Basic research directed toward an axiomatic formulation of field physics (namely, that area of physics concerned with field phenomena, such as electromagnetism, gravity, and nuclear forces). The Report does not attempt, like most formulations, to generalize a particular theory. Instead, the question is posed: What properties must any theory have if it is to provide an acceptable description of field phenomena? The answer, expressed mathematically, yields a structural theory of field theories. The study demonstrates the adequacy of the results by showing that the theories of gravitation, electromagnetism, matter, and vector-mesons are special cases of the structural theory. 250 pp.
This report is part of the RAND Corporation Report series. The report was a product of the RAND Corporation from 1948 to 1993 that represented the principal publication documenting and transmitting RAND's major research findings and final research.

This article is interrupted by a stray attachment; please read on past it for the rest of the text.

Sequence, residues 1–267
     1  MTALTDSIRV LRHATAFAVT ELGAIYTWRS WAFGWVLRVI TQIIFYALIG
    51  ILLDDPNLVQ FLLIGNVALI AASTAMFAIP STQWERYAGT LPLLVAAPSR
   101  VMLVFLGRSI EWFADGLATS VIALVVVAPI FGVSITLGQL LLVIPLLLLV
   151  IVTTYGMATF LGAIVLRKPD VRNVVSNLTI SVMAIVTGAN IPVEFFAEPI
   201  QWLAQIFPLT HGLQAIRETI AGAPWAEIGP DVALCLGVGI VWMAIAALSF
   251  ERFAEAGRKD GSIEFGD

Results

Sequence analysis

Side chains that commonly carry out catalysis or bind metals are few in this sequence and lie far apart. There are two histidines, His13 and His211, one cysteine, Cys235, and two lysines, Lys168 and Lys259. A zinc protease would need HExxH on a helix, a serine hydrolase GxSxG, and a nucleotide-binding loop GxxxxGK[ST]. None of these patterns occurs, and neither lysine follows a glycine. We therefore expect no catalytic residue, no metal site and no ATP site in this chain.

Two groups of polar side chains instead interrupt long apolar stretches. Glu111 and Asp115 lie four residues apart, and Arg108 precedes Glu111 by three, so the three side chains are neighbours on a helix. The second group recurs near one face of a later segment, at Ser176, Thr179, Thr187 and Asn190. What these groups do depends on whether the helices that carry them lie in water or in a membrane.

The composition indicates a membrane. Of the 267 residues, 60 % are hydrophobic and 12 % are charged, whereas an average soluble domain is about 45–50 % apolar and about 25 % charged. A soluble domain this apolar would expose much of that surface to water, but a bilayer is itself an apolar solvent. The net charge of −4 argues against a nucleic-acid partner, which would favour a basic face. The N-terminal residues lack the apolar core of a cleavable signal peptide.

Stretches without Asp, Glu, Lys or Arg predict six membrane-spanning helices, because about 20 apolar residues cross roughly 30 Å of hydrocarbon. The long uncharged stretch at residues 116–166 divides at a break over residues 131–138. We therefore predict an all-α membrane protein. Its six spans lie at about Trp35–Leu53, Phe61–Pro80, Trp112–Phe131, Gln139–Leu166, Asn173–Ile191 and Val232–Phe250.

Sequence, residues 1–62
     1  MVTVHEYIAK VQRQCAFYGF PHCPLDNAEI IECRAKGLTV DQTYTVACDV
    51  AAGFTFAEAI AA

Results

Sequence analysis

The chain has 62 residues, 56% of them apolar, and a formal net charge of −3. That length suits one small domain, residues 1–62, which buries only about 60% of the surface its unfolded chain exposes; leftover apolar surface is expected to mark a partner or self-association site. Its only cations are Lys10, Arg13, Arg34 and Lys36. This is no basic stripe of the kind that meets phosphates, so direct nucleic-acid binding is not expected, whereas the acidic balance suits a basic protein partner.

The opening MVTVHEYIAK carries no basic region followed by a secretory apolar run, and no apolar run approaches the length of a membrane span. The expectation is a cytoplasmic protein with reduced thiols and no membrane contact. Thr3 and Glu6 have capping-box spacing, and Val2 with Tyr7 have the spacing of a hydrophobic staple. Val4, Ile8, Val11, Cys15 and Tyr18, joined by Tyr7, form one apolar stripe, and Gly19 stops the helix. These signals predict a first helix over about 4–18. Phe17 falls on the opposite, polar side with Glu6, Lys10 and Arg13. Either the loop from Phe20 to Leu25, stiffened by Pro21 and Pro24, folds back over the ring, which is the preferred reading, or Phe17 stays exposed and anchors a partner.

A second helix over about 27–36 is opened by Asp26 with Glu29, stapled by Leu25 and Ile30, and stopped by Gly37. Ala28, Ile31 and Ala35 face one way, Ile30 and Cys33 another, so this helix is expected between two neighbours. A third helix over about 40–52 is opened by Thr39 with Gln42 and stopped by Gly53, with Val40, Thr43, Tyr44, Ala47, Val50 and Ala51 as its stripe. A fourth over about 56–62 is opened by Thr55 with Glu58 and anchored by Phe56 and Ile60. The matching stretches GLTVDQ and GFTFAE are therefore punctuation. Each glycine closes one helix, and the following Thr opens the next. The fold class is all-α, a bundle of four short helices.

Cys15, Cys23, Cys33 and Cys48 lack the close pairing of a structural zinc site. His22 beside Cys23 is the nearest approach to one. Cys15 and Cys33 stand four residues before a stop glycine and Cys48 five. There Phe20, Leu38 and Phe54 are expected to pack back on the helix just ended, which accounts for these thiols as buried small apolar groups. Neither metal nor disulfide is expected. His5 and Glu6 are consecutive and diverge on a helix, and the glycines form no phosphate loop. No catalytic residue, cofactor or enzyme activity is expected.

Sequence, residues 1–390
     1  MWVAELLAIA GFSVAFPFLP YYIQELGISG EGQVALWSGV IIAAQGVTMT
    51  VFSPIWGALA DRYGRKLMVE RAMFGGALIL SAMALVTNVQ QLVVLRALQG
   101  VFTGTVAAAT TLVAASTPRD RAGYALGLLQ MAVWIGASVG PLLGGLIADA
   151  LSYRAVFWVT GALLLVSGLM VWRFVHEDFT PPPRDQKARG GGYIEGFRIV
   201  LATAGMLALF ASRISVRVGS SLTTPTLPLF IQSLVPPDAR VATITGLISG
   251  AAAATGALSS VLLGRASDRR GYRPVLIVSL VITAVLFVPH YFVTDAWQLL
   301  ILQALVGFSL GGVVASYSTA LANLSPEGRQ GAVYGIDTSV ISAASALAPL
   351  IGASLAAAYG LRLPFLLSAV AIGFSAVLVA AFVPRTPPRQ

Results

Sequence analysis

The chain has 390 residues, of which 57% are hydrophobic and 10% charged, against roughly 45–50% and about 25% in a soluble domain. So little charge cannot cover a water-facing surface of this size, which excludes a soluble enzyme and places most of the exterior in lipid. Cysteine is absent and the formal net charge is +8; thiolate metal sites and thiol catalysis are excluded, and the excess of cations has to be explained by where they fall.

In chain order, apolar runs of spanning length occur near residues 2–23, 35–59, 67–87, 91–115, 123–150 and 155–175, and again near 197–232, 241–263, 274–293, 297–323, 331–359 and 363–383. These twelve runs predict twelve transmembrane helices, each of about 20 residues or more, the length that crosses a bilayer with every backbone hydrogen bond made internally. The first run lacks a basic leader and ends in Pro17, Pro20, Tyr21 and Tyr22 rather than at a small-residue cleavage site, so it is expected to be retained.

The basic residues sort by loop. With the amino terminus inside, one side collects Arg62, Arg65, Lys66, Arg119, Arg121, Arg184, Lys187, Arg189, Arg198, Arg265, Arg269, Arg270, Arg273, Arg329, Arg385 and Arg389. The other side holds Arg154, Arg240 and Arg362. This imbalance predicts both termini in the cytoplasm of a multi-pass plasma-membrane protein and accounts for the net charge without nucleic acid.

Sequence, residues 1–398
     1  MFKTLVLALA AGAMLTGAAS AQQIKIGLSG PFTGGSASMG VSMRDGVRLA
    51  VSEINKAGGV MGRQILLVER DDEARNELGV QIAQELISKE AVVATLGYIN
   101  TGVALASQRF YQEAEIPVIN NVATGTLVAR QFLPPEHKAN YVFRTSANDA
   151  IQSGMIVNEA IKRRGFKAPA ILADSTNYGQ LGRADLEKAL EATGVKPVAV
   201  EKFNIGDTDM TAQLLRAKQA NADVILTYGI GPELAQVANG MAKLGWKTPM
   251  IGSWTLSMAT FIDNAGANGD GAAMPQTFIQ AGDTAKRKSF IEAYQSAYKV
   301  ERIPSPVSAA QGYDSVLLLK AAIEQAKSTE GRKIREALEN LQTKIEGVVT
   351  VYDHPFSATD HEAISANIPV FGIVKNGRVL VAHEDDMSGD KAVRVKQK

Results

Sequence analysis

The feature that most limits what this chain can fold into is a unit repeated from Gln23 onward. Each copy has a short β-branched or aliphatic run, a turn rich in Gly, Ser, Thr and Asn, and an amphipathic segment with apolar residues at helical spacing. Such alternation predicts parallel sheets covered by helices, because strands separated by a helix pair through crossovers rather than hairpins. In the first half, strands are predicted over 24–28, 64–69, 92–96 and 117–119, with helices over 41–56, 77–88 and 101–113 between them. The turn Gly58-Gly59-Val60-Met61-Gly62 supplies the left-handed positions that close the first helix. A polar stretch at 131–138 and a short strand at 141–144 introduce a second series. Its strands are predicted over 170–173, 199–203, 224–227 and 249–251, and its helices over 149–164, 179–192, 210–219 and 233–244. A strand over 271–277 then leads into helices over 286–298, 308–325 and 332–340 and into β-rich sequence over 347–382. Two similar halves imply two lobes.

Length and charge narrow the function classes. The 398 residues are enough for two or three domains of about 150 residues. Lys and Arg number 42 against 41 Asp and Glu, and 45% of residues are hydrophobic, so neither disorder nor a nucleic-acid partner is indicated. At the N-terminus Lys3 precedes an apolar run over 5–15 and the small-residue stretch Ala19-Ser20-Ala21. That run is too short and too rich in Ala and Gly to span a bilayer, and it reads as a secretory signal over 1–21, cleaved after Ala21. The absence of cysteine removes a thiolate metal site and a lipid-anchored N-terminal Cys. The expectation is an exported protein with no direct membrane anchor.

Our mission to help improve policy and decisionmaking through research and analysis is enabled through our core values of quality and objectivity and our unwavering commitment to the highest level of integrity and ethical behavior. To help ensure our research and analysis are rigorous, objective, and nonpartisan, we subject our research publications to a robust and exacting quality-assurance process; avoid both the appearance and reality of financial and other conflicts of interest through staff training, project screening, and a policy of mandatory disclosure; and pursue transparency in our research engagements through our commitment to the open publication of our research findings and recommendations, disclosure of the source of funding of published research, and policies to ensure intellectual independence. For more information, visit www.rand.org/about/principles.
The RAND Corporation is a nonprofit institution that helps improve policy and decisionmaking through research and analysis. RAND's publications do not necessarily reflect the opinions of its research clients and sponsors.